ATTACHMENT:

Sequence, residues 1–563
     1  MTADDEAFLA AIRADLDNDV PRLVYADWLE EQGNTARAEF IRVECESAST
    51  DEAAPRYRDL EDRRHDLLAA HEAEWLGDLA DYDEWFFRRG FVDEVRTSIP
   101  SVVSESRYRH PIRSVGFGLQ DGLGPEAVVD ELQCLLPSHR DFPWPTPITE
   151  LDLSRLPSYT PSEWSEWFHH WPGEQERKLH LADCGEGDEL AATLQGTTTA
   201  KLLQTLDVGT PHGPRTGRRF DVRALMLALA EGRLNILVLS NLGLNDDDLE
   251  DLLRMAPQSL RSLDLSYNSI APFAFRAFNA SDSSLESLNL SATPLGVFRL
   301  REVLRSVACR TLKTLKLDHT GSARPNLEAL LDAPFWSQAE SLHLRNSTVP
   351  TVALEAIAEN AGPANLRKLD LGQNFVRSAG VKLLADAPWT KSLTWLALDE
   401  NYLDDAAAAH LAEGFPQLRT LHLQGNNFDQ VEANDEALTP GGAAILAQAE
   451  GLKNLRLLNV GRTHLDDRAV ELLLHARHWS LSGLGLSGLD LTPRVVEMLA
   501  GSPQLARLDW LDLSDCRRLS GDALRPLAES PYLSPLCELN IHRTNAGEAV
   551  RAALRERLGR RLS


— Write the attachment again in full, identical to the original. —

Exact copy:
Sequence, residues 1–563
     1  MTADDEAFLA AIRADLDNDV PRLVYADWLE EQGNTARAEF IRVECESAST
    51  DEAAPRYRDL EDRRHDLLAA HEAEWLGDLA DYDEWFFRRG FVDEVRTSIP
   101  SVVSESRYRH PIRSVGFGLQ DGLGPEAVVD ELQCLLPSHR DFPWPTPITE
   151  LDLSRLPSYT PSEWSEWFHH WPGEQERKLH LADCGEGDEL AATLQGTTTA
   201  KLLQTLDVGT PHGPRTGRRF DVRALMLALA EGRLNILVLS NLGLNDDDLE
   251  DLLRMAPQSL RSLDLSYNSI APFAFRAFNA SDSSLESLNL SATPLGVFRL
   301  REVLRSVACR TLKTLKLDHT GSARPNLEAL LDAPFWSQAE SLHLRNSTVP
   351  TVALEAIAEN AGPANLRKLD LGQNFVRSAG VKLLADAPWT KSLTWLALDE
   401  NYLDDAAAAH LAEGFPQLRT LHLQGNNFDQ VEANDEALTP GGAAILAQAE
   451  GLKNLRLLNV GRTHLDDRAV ELLLHARHWS LSGLGLSGLD LTPRVVEMLA
   501  GSPQLARLDW LDLSDCRRLS GDALRPLAES PYLSPLCELN IHRTNAGEAV
   551  RAALRERLGR RLS